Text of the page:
GHHS plans change to semesters

Krystle Wagner • Jul 21, 2015 at 1:58 PM

For the past six years, classes ran on a 12-week trimester schedule. In the fall, staff and students will transition into two 18-week semesters.

The change comes after two years of researching and discussing how to better meet academic requirements.

In addition to comparing semester and trimester grades, final exam grades, attendance, discipline, graduation rates and more, Grand Haven High School Principal Tracy Wilson said administrators also looked at the reasons why they switched to a trimester schedule, and how required state mandates have impacted their ability to stay with a trimester schedule.

When Grand Haven switched to the trimester schedule for the 2008-09 school year, some state requirements — such as Common Core State Standards, Smarter Balanced Assessment, required student growth measurements and a new state accountability system — were not yet in place.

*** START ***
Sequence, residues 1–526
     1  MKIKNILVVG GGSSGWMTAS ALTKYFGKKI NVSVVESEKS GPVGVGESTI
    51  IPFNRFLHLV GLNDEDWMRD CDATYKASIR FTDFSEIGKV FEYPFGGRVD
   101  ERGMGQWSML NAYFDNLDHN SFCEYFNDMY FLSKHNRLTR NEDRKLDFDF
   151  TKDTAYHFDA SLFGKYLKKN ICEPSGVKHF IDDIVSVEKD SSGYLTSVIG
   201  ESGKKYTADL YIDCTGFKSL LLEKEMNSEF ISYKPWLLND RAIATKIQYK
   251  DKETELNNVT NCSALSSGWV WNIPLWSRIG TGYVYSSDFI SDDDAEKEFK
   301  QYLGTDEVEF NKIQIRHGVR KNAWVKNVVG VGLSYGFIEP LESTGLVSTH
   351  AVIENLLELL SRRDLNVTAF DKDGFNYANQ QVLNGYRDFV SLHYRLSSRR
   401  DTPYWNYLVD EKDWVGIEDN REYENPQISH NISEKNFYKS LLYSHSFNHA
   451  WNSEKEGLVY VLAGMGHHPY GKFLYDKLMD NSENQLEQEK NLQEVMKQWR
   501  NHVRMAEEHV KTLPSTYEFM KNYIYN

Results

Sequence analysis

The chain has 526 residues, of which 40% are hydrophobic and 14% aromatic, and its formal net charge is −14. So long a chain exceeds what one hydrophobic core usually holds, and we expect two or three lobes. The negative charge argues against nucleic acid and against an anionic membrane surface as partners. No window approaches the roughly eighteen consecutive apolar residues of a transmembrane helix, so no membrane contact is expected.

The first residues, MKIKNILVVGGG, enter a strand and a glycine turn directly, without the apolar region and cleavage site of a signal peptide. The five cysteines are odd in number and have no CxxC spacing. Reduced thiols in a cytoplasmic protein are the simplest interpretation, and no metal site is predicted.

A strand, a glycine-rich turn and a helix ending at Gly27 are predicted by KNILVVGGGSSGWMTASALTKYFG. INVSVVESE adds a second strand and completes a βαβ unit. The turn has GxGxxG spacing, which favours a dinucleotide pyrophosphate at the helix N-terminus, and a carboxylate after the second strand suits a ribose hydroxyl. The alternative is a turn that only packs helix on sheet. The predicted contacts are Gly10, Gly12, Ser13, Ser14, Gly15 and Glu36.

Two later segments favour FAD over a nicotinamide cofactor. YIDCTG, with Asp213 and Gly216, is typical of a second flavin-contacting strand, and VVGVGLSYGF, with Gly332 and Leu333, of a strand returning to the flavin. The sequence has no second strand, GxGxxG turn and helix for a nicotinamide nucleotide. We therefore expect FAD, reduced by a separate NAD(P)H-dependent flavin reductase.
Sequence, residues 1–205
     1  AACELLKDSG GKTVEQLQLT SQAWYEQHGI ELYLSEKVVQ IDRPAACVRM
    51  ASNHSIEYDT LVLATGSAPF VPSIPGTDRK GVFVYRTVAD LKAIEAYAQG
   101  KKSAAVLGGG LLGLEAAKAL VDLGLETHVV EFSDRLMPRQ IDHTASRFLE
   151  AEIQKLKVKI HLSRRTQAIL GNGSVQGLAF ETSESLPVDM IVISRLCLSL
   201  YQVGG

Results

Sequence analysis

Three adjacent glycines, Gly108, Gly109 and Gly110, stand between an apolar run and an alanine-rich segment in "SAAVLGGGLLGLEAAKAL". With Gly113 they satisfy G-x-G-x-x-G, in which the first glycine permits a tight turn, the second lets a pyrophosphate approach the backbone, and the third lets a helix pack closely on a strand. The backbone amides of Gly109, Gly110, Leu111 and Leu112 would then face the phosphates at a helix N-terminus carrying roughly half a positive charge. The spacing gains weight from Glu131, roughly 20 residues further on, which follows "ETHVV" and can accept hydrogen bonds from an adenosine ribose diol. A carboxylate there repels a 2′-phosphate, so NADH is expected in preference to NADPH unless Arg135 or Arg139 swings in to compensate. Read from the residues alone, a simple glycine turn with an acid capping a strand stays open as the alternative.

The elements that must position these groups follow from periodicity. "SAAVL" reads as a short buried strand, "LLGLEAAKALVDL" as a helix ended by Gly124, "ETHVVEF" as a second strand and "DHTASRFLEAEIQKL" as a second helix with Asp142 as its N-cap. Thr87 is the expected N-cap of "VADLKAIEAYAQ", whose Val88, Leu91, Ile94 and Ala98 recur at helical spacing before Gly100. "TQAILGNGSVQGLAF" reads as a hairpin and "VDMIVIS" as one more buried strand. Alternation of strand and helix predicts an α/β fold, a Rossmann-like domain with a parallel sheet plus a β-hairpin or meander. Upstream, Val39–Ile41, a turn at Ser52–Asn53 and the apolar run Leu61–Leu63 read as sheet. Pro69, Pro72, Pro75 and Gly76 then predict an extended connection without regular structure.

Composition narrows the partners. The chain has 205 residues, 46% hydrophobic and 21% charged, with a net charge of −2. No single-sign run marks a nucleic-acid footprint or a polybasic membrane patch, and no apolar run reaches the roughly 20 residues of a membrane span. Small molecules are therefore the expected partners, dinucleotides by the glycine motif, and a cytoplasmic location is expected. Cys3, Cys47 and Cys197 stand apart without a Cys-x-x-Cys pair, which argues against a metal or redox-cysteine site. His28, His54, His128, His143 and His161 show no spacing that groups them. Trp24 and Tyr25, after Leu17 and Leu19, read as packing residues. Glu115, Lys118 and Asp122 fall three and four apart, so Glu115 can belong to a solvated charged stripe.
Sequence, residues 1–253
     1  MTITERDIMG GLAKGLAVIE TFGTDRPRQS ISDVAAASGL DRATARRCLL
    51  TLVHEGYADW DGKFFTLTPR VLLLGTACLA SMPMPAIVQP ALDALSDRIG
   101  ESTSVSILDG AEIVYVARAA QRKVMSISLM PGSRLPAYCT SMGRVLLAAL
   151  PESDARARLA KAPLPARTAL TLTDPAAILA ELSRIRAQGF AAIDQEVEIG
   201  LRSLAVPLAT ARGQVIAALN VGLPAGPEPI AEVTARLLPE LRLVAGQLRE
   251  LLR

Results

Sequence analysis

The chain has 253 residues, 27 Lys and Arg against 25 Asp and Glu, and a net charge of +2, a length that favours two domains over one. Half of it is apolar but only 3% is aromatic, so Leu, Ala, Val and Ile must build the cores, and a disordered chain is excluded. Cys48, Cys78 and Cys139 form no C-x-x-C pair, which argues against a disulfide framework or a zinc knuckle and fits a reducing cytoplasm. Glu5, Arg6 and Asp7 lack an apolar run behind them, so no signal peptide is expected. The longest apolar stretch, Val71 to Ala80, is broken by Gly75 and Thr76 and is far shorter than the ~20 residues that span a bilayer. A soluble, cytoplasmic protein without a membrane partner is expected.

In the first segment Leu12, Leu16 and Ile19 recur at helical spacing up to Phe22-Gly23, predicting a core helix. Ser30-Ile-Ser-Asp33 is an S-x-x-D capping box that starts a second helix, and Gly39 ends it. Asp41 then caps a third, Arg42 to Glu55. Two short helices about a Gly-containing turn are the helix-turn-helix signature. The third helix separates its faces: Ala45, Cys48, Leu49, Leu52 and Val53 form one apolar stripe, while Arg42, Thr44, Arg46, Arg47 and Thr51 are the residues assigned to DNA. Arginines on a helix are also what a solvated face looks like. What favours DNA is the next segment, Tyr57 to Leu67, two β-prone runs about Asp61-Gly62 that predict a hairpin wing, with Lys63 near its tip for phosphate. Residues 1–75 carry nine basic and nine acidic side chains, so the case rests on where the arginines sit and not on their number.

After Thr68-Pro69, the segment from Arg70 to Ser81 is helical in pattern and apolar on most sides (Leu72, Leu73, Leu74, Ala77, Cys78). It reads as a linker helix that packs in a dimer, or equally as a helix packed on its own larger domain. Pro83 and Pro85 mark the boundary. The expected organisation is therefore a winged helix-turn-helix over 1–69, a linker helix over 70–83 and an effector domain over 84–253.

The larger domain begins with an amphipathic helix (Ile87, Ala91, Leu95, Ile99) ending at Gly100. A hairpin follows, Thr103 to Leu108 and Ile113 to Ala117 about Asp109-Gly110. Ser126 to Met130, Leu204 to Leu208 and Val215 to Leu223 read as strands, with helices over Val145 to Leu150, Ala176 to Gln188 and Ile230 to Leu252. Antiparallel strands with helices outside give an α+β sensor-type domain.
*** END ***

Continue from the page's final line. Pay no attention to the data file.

Wilson said the school initially switched to trimesters to meet the demands of the Michigan Merit Curriculum, which required high school graduates to take algebra II, chemistry, physics and world languages. Since then, the district offers opportunities for seventh- and eighth-graders to earn high school credit for algebra I, geometry and world languages.

“We have just found that 24 weeks in a school year is not enough time to take care of these mandates for our core required classes,” Wilson explained. “The 36-week option is much needed.”

In the fall, a committee of 23 high school staff members was formed to look at the school’s future and ways to enhance learning. For five weeks, the committee broke into three subcommittees to look at seminar-style learning, blended and online learning, and building schedules.

Wilson said semesters allow for about 40 hours of instruction (or about six weeks) in year-long courses, and they believe a semester model can better meet the full-time equivalent levels for staff and students.

The change also allows creating programs for face-to-face and online learning. The courses will be open to juniors and seniors.

Wilson said many schools have returned to semester schedules.

“This certainly is a change, but not something we are unfamiliar with, and we are confident that this will be a smooth transition for our students,” she said.

Some Grand Haven High School students oppose the switch.

To read more of this story, see today’s print or e-edition of the Grand Haven Tribune.

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